Responsibility for monitoring radioactivity in the environment is shared between the federal government and the states (Länder). BfS operates a nation wide network of approximately 1.800 fixed stations monitoring gamma dose rate and six vehicles measuring nuclide specific soil contamination.

In the North and Baltic Seas, the Federal Maritime and Hydrographic Agency ( Bundesamt für Seeschifffahrt und Hydrographie ) operates the MARNET measurement network comprised of ten stations.

Domestic waterways are monitored by the Federal Institute of Hydrology ( Bundesanstalt für Gewässerkunde ) with 40 stations.

At 48 stations, the German Weather Service ( Deutsche Wetterdienst ) is monitoring air with on-line filter systems and measuring rain water in radio-chemical laboratories. The laboratories of the federal states monitor continuously food, animal feed, drinking water and soil.

All these monitoring networks and laboratories are part of the "Integrated Measurement and Information System for the Monitoring of Environmental Radioactivity" (IMIS). In case of a nuclear accident these systems provide the data for decisions and recommendations to protect man and environment against radioactiviy.

What is the typical level of the ambient dose rate in Germany and how much do the Chernobyl and Fukushima reactor accidents contribute to this ambient dose rate?show / hide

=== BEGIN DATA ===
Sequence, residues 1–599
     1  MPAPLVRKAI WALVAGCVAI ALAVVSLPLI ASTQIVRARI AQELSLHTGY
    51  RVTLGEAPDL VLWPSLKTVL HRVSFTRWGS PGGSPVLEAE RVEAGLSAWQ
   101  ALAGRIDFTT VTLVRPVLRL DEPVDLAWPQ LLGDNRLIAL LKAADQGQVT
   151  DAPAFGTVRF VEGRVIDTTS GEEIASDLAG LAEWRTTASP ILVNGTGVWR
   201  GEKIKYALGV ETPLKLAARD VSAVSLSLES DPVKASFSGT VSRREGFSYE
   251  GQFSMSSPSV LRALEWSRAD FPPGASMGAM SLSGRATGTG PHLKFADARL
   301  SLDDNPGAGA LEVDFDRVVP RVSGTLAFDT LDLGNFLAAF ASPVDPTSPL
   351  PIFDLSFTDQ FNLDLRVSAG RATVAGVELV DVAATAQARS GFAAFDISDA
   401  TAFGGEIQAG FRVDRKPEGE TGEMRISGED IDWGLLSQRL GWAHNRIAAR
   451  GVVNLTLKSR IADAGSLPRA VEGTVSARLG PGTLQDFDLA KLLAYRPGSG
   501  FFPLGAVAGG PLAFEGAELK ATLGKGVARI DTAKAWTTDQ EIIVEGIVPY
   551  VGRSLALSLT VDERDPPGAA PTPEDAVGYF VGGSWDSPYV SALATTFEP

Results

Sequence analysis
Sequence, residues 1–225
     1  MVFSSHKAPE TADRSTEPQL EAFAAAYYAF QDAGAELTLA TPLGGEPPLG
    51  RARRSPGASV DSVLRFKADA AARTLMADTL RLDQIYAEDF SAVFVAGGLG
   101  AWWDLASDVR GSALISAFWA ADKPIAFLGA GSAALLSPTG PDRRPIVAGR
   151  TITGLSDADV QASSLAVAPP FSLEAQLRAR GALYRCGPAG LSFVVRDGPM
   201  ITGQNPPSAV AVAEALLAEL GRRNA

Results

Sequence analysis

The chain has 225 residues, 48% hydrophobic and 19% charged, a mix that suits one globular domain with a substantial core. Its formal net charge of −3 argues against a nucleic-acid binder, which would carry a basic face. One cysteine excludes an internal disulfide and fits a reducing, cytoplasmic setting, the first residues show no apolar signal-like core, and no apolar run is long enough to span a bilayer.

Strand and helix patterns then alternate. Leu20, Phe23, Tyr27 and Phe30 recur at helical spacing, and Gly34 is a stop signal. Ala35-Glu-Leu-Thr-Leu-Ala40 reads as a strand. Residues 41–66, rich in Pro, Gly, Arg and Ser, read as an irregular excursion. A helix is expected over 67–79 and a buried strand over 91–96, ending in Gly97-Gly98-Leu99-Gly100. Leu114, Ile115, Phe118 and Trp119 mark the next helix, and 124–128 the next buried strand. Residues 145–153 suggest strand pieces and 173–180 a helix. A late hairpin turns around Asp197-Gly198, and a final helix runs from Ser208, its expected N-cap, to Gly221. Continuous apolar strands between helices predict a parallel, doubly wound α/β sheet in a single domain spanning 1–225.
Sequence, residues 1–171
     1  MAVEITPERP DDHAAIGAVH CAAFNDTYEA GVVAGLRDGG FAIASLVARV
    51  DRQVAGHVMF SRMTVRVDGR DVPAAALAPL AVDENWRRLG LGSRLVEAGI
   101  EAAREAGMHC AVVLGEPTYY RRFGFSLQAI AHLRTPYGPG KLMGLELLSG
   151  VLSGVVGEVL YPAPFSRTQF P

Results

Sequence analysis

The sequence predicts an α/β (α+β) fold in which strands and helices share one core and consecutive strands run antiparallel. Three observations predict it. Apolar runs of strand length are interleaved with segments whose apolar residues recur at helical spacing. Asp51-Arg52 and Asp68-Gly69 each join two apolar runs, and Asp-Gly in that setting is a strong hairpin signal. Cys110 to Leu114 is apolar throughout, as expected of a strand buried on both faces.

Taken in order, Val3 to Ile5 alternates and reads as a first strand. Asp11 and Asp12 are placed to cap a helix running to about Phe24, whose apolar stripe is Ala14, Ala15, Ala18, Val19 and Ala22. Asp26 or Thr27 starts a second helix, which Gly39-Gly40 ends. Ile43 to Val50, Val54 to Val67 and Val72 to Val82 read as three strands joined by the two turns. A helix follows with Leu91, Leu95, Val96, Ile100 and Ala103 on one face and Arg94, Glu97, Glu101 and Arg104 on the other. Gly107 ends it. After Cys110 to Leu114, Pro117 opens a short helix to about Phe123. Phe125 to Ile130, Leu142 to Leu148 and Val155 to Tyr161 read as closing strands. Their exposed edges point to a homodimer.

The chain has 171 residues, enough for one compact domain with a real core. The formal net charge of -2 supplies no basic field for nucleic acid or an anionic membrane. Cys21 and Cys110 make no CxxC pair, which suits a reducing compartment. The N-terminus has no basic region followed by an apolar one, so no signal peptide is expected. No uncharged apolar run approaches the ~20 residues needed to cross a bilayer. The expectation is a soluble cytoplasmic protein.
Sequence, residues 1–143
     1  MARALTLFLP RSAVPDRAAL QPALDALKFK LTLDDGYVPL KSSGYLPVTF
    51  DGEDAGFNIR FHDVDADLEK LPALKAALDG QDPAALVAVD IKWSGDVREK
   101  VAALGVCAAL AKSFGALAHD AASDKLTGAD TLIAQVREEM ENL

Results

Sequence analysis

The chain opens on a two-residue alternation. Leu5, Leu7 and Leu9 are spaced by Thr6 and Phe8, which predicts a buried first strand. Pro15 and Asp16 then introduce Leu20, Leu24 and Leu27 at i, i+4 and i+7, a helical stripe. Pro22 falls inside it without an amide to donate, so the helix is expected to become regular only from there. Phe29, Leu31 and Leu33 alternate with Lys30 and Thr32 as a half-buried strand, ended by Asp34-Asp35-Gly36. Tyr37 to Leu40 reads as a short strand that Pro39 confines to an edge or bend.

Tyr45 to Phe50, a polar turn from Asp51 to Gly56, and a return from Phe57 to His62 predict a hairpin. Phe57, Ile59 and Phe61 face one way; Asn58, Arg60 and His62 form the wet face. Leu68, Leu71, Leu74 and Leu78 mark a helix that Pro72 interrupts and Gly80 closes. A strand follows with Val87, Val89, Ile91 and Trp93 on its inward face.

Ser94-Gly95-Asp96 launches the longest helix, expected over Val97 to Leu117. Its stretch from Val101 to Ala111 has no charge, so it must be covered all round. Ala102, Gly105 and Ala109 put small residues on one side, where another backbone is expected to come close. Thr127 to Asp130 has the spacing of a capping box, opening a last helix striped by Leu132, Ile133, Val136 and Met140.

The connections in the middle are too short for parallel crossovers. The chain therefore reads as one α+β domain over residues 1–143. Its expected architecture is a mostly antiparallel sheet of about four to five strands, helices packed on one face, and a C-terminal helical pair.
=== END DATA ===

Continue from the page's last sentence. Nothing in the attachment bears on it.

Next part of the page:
The ambient dose rate in Germany is between 0.05 microsievert per hour (at some measuring stations in Schleswig-Holstein and Lower Saxony) and up to 0.2 microsievert per hour in parts of Thuringia, Baden-Württemberg and Bavaria. The average ambient dose rate in Germany is around 0.08 microsievert per hour. In case of rain, local values may be temporarily twice as high.

The release of radioactive substances in the Chernobyl reactor accident contributes today roughly 0.001 microsievert per hour to the ambient dose rate in Germany. In some parts of Bavaria that were particularly affected by the Chernobyl fallout the contribution reaches values of 0.01 to 0.02 microsievert per hour at individual locations. Any increase of the local dose rate in Germany due to the Fukushima accident could be detected.